The last coupling, perhaps the most intriguing, is Q-Tip & Cool and Dre who update "Midnight" off of Midnight Marauders. The match is already interesting just because of the people involved. Cool and Dre are not commonly thought of in the KRS-ONE, Common, Q-Tip universe. Plus the track they revisit wasn't even released as a single. This one is the track that is the most inspired choice cause they had to dig to figure out the best one to match the styles. But honestly its the one I enjoy the most. It might be the fact that for long stretches Q-Tip just recites lines from the original and the nostalgic element pulls me back. But really Cool and Dre do something with their beat. Its still their style. If I close my eyes hard enough, I can hear Fat Joe or Rick Ross on the track. But for some reason it parallels the original Tribe song. The spirit of the tale of a frantic night out is evident in this edition as well, complete with the Hype Williams disciple directed video.

So thank you Smirnoff (or should I say Diageo and Cornerstone) for the tracks. They were decent diversions.
As for the drinks, they might want to rethink those. The Cypha is raspberry vodka and pineapple juice. How is that criminally minded? The Southside is green apple vodka and cranberry juice. Yeah that screams Cabrini Green. And finally The Blueberry Abstract is blueberry vodka and lemonade. Isn't that something loads of college girls are getting wasted on right now on Gulf of Mexico beaches?
Now playing: Musiq - Womanopoly

Friday, February 22, 2008

Pantheon: A Tribe Called Quest

On the brink of puberty, I also had the fortune to skip a grade in my close knit parochial school. Nerds are never highly regarded. Amongst my older peers, it seemed as though intelligence was a disorder, some peculiarity that made me abnormal. They never pummeled me physically. It was a small school and there was some aura about me that I was untouchable. But the mental jabs were consistent. I was a fragile young pup. I wasn't battle tested.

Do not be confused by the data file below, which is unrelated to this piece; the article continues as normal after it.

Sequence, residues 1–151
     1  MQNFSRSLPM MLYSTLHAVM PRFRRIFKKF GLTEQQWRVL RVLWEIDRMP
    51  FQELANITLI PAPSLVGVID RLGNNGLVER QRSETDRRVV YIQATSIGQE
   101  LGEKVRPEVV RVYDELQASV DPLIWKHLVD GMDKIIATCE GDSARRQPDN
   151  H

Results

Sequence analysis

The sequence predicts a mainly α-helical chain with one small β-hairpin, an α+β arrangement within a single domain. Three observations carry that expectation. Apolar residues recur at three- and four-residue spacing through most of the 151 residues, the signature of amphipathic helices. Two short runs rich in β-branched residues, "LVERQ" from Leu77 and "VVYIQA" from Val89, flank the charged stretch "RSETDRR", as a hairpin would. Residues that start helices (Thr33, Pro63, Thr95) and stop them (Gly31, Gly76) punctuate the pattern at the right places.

So as I continued to raise my hand and follow the rules, the acrimony grew. But at home I found solace in the cable we had just put in, especially MTV, BET, and The BOX. This is where I probably developed my appreciation for really good R & B and the diversity of hip-hop. The early 90s were gold mines for both. I watched so much that I memorized the labels of the artists.

But it was one of those videos that eased my transition during that fateful year in the sixth grade. On a line to go to recess, someone started to repeat a rhyme and I quietly followed in kind. Well at least I thought it was quiet. But one of my more thuggish peers turned around and said "Yo, Carnegie knows the song". In that instant, I had some modicum of credibility. I was still clumsy and uncoordinated, but I wasn't as uncool at that point. Thank you A Tribe Called Quest for "Check The Rhime" and the lyrics you scrolled in the video. You made my life tolerable. That Christmas, I received a yellow sports Walkman and the odyssey began.

Five years later, I found myself in a music store and they had a CD which was #1. I picked it up using the logic that if it was #1 it had to be good. And the name was familiar. By the end of that trip, my copy of "Beats, Rhymes & Life" had some significant scratches. I quickly did my research and slowly got each of their earlier albums. By the time I went away to school two years later, each of those CDs had been replaced at least once.

And what was it about Quest? The music is probably the biggest draw. Extensively combing the crates of their parents, they created a sound based largely on jazz as opposed to the James brown and funk samples that populated much of hip-hop at the time. They even brought in bassist Ron Carter on one of their records. Their lyrics also spoke of a conscientiousness that was more prevalent at the time. Along with Public Enemy and their counterparts in the Native Tongues collective, they advanced a discourse about social issues that weren't exactly embedded in poverty and violence solely.

But the intangible that made them special was the chemistry. Starting with their debut album, they exuded playfulness while being students of their craft. With tracks like "Bonita Applebum" & "Can I Kick It?", they displayed something markedly different than anything that was around. And with later songs like "The Infamous Date Rape" and "Sucka Nigga", they showed that they could take on controversial topics with maturity yet in a conversational tone. Though their last two albums are good, that playfulness started to disappear and so they pulled the plug in 1998 after "The Love Movement."